It was a normal, everyday childhood summer moment: my son Arie’s first freeze pop. When I handed it to him, his eyes got huge; he’d never before seen anything you could eat this amazing shade of electric blue.
As he tasted it, my heart began to pound.
He beamed. “I like this!” he said, overjoyed, leaning his head back to suck down more of its shocking, sugary goodness.
I puffed like a locomotive and began to see spots. “I have to leave,” I said to my husband Jan. I staggered outside, fighting tears.
“What is the matter with you?” he asked when I returned.
“I just gave my child poison,” I whispered. “My god, I have poisoned him.”
I’ve seen similar reactions from friends who have left strictly religious childhoods: a former Baptist who feels deliciously naughty if she goes dancing, an ex-Presbyterian who tries very hard not to shudder at the sight of saint icons, a recovering Catholic who still—bless his heart—feels guilty about premarital sex.
We try to embrace modern rationality. But certain things we can’t help but feel deep down in our bones.
I was, you see, raised by a Fundamentalist Crunchy Granola.
That’s right: earnestly dry whole-wheat cookies, sweetened with ground-up hope. Plain yogurt. Unhomogenized, unpasteurized organic milk bought secretly from the farmer’s back door. Whole wheat pasta, which is sand held together with brown glue. Fruit juice with the skin and pulp ground up and swirling smugly in the bottle. Enormous handfuls of vitamin pills every night. Carob.
Carob, incidentally, is child abuse. The scars never heal.
We ate these things because they were Good For You. We did not eat sugar, artificial flavors or colors, white flour, meat with sodium nitrate, or preservatives—because they were Poison.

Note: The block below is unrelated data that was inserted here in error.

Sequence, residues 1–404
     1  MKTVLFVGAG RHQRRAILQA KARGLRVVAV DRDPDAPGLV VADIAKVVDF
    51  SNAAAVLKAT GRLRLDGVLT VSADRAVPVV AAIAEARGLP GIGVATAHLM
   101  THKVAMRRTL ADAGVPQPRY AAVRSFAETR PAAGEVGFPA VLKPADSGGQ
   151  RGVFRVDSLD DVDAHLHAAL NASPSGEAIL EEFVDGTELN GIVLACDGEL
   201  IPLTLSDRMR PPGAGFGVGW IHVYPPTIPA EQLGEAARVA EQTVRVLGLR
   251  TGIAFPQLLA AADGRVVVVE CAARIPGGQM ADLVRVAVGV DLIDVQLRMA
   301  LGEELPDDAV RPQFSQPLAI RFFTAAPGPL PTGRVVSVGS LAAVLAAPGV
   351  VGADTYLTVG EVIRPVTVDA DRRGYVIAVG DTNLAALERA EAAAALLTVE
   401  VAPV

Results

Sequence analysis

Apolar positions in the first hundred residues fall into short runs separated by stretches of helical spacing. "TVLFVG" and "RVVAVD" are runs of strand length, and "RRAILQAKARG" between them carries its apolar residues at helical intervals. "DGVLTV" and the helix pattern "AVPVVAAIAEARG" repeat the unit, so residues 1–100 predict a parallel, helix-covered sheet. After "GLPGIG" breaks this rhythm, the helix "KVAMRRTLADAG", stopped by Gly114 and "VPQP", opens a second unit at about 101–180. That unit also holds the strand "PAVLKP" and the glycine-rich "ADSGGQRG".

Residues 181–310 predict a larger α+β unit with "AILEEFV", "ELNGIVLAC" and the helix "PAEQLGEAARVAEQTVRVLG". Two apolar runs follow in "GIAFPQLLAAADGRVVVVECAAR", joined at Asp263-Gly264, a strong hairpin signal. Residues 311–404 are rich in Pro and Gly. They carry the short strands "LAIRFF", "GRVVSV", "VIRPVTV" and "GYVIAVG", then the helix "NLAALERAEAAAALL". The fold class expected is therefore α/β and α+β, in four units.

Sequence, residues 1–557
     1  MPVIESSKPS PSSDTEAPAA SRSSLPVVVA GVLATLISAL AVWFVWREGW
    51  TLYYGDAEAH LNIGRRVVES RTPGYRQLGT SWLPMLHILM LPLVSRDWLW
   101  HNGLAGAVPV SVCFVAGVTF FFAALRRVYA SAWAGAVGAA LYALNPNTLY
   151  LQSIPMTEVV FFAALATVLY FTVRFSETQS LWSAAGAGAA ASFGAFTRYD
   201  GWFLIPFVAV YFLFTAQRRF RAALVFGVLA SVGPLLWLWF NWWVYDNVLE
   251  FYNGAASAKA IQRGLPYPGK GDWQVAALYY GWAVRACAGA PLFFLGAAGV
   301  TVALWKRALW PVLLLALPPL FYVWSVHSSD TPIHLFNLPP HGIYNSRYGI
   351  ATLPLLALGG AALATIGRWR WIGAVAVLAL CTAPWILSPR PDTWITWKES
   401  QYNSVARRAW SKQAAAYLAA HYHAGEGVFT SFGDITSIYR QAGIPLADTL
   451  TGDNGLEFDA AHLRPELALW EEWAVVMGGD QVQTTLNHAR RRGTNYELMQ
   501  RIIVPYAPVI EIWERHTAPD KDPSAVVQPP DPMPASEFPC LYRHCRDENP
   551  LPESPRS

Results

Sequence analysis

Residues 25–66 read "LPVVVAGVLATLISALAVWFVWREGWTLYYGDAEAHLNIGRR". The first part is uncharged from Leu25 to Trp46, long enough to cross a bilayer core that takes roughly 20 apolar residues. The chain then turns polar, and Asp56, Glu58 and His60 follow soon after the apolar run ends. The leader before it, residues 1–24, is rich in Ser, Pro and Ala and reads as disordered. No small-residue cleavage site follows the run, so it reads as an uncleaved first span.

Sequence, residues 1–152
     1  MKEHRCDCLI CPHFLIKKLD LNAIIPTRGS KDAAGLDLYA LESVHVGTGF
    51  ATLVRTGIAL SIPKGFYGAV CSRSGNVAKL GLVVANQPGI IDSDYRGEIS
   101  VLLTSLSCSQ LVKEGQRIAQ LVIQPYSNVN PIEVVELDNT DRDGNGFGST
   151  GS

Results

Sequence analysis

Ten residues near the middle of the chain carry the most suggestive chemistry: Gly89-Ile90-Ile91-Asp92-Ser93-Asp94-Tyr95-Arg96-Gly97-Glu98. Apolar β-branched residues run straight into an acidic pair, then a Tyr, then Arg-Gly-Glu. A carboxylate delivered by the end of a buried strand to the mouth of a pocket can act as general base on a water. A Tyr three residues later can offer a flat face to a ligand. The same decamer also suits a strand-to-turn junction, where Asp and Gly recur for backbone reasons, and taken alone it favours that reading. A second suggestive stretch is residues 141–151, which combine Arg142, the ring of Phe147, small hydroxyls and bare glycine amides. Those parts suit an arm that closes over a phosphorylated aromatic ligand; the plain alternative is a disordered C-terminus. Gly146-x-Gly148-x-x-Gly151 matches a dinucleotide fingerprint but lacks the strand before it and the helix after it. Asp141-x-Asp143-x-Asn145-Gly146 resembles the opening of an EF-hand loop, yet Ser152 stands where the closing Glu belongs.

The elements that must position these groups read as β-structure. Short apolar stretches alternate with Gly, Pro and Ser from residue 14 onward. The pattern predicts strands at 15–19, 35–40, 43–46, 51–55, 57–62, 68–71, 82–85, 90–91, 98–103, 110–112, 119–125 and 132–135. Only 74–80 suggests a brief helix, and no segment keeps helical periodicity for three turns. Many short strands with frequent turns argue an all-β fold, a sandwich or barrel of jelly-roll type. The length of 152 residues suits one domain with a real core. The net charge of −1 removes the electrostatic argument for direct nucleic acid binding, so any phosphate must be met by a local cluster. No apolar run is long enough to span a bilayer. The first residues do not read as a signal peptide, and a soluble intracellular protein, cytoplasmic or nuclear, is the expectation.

These were the only two categories of food: Good For You, and Poison.
Why, you may ask, did I accept this so calmly? Why did I watch with perfect aplomb while my friends’ parents tried to kill them with Wonder Bread and Twinkies and Kool-Aid?
(Well, I didn’t, completely. Confession: I once shouted in fury and threw rocks at the ice cream truck, because he sold artificially flavored and colored orange Push-Ups and Bomb Pops to unsuspecting, innocent children. Luckily he thought it was funny.)
Besides this one act of outraged fundamentalist violence, I kept my mouth shut. After all, these were the same parents who let their children watch commercial TV and forced them to wear shoes, so I was already hardened to the horrific, ignorant cruelties of the world.
Did it never occur to me to doubt my mother? After all, on more than one occasion growing up, I witnessed a friend take a lick of a Jolly Rancher without curling up and dying of cancer right then and there. However, like any frothing-at-the-mouth fundie, I was unfazed by this evidence.
No, the only rebellion we attempted was in our imaginations. At night, my littlest sisters used to lie in bed, staring at the ceiling and describing in intimate detail the mounds of imaginary candy lying beneath their beds: Snickers, Reese’s Peanut Butter Cups, Now-And-Later, Starburst, Milky Way, M&Ms. They listed off their naughty mantras most nights, drifting to sleep to the murmur of blasphemous contraband.
Although I appreciate this rigid adherence to a healthy diet in some ways (I got my first cavity at age 26, for instance), I have decided for many reasons to try a more relaxed, moderate approach to food with my boys. Although others would find our nearly totally vegetarian diet restrictive, compared to how I grew up, it’s shocking heathenry.
So I try to relax when Éiden has the occasional candy bar, whistle in nonchalance while Arie tries a few sips of Coke from someone’s can at a yard party, smile benevolently, even if I have to grind my teeth, as they both have birthday cake made from a mix. With frosting from a can.
But we can’t completely escape our dark pasts. For instance: You know that truck that makes its way through neighborhoods playing tunes and driving very slowly and hopefully past groups of children?
In our house, when Arie hears the music, just like every child he races happily to the door. But he doesn’t ask us for a dollar; he just waits. Then, he smiles and waves at the very baffled driver as he goes by.
“The Music Truck came, Mommy!” he yells. “Yay! The Music Truck!”
Haddayr Copley-Woods is a Minneapolis writer and mom whose spouse believes she is doing her readers a grave disservice by not mentioning the tree sap “gum,” but she knows no one would believe her.